The following was originally posted at Nicole Basaraba‘s Uni-Verse-City during her Writing in Different Genres series. I was pretty darn excited to be part of it. Here is the article in its entirely, free from commercial interruptions…
Living the Fantasy Life by Sonia G Medeiros
I blame my parents for my
obsession with love of fantasy. As a child, I had what you might politely call an active imagination. I was often in trouble at school for daydreaming (though, really, I had already finished the work…usually). But did my parents act quickly to contain this? Did they enforce the boundaries of reality and the dangers of dwelling in imaginary worlds?
In fact, fueled by their passion for science fiction/fantasy, they fed my taste for the unreal with a steady diet of A Wrinkle in Time, Narnia, King Arthur, Wonder Woman, Conan, Lord of the Rings, Edgar Allen Poe, The Twilight Zone and WWF Wrestling (my dad *shrug*). They encouraged me to tell them my odd little tales and allowed me to pretend that I was a warrior princess from a magical world sadly marooned in this one without my powers.
Okay, okay. It’s not all their fault. They had some help from my grandfather who, while he may outwardly appear all CNN and Sunday Morning, further indulged my growing predilection for the fantastic by charging me with the task of collecting all the alien pods (actually the fruit of the sweetgum tree) from the lawn (a mighty sneaky way of getting the yard cleaned, if you ask me), listening to my sprawling Smurf epics and allowing me to watch The Neverending Story something like 642 times (although I’m sure he never intended me to make a career of all those wild imaginings).
So, there. As you can plainly see I have my parents (and grandfather) to blame for not being able to keep my feet on the ground or my head out of the clouds.
And I thank them for it every day.
Wikipedia neatly defines fantasy as “a genre of fiction that commonly uses magic and other supernatural phenomenon as a primary element of plot, theme or setting” and distinguishes fantasy from two of its closest cousins, science fiction and horror, in that it generally “steers clear of scientific and macabre themes”. Yet, the overlap between fantasy, science fiction and horror is sometimes so great that it may not always be possible to tell where one ends and the next begins.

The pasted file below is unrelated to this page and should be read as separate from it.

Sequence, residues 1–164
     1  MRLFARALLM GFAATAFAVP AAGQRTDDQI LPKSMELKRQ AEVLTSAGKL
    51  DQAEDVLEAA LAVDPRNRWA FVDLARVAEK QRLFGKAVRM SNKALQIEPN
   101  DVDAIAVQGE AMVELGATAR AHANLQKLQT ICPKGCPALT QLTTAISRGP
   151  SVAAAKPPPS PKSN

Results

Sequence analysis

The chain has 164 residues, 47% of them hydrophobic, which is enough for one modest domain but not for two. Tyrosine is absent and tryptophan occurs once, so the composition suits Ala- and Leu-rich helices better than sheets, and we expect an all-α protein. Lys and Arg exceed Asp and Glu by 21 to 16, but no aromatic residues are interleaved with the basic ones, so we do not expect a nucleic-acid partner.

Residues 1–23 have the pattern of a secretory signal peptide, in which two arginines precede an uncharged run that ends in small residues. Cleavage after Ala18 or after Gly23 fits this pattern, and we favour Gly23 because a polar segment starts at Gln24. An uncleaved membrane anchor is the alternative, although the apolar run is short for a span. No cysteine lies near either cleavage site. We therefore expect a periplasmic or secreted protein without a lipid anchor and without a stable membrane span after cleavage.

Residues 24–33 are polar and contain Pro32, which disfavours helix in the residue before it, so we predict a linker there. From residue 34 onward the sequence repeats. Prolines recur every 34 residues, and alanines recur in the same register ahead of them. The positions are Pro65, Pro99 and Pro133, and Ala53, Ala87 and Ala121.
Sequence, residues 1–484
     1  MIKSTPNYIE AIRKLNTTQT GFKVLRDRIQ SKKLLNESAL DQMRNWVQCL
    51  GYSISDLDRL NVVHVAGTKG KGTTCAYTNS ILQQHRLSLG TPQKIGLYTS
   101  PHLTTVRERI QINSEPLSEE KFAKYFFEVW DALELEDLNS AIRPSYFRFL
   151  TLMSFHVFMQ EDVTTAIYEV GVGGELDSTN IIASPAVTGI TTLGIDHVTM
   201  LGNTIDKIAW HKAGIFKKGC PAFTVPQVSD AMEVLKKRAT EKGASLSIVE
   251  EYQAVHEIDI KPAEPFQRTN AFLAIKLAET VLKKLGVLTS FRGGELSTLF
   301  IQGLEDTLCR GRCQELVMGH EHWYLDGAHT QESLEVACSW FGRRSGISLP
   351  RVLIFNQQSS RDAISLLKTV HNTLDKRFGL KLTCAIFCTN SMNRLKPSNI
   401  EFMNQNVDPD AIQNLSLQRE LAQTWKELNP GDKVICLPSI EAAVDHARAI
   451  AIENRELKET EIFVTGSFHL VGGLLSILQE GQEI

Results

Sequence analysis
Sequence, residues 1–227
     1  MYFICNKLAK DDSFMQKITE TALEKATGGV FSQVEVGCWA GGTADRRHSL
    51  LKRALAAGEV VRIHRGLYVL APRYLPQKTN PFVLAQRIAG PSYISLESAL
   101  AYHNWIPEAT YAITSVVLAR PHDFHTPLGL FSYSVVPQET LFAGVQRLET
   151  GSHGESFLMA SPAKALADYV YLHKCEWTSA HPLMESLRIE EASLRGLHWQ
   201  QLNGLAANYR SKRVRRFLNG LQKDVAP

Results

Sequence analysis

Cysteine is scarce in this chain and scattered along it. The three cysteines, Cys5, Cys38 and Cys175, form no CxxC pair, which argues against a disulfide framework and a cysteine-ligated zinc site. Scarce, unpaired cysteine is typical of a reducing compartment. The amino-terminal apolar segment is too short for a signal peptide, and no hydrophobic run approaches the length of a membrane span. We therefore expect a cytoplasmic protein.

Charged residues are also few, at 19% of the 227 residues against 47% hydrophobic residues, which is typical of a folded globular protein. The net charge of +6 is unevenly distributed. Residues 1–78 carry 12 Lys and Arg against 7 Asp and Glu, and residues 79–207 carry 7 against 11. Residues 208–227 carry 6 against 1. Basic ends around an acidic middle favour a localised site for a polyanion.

It seems generally acknowledged that science fiction accepts the natural laws of our universe and so is about stuff that could really happen, fantasy often flagrantly ignores natural laws and is therefore about stuff that couldn’t really happen, and horror could go either way.
I’m sure I don’t have to point out the problem with such a definition.
It’s true that fantasy is full of created worlds where magic reigns, and where there are dragons, wizards, elves, heroes of prophecy, Excaliburs, and kingdoms under siege by Dark Lords. But fantasy isn’t about any of those things as much as it is a way of looking at the world with a childlike openness to Mystery. It does not seek to limit what could be by what is generally considered “real.” The passage to a mystical realm could really be behind that cupboard door, never mind how many times you may have opened it only to find the cereal bowls. Fairies exist even if we never see them. And toys have a secret life.
This openness cuts both ways of course. The child accepts the horrible right along with the delightful. A monster might live in your closet, no matter what your parents say. That passage to another world could leave you stranded there forever. And the world is different in the dark.
Fantasy looks at the world with all the wonder and terror of raw childhood.
While science fiction insists on an explanation and horror is often about what should be unreal intruding on the real world, fantasy allows the world to simply be. What is fantastic isn’t necessarily in violation of the natural laws of the universe or unexplainable but neither is essential to the story (besides, sometimes the real seems at least as implausible as the fantastic…quarks, anybody?). Fantasy is the genre of limitless possibilities and the freedom to explore them, whatever the story consequences.
I love science fiction and horror but fantasy holds the dearest spot in my heart because, like Mulder, I want to believe.
A few fantasy suggestions to tickle your fancy:
- Piers Anthony’s very punny The Magic of Xanth series.
- Patricia Brigg’s urban fantasy Mercy Thompson series (yes, it contains hot werewolves and vampires…but they don’t sparkle).
- Greg Keyes Kingdom of Thorn and Bone series, especially The Briar King.
- Michael Ende’s The Neverending Story. As much as I loved the film version as a kid, the novel is vastly superior in every way.
What is fantasy about to you? What are your favorite fantasy stories, movies or television shows? Bonus question for writers: What inspired the genre you write today?
Image Attribution (In Order of Appearance):
Image via Wikipedia
Pain Inducer (Sweetgum Pod) by Jeff Kubina, on Flickr CC BY-SA 2.0
Image via Wikipedia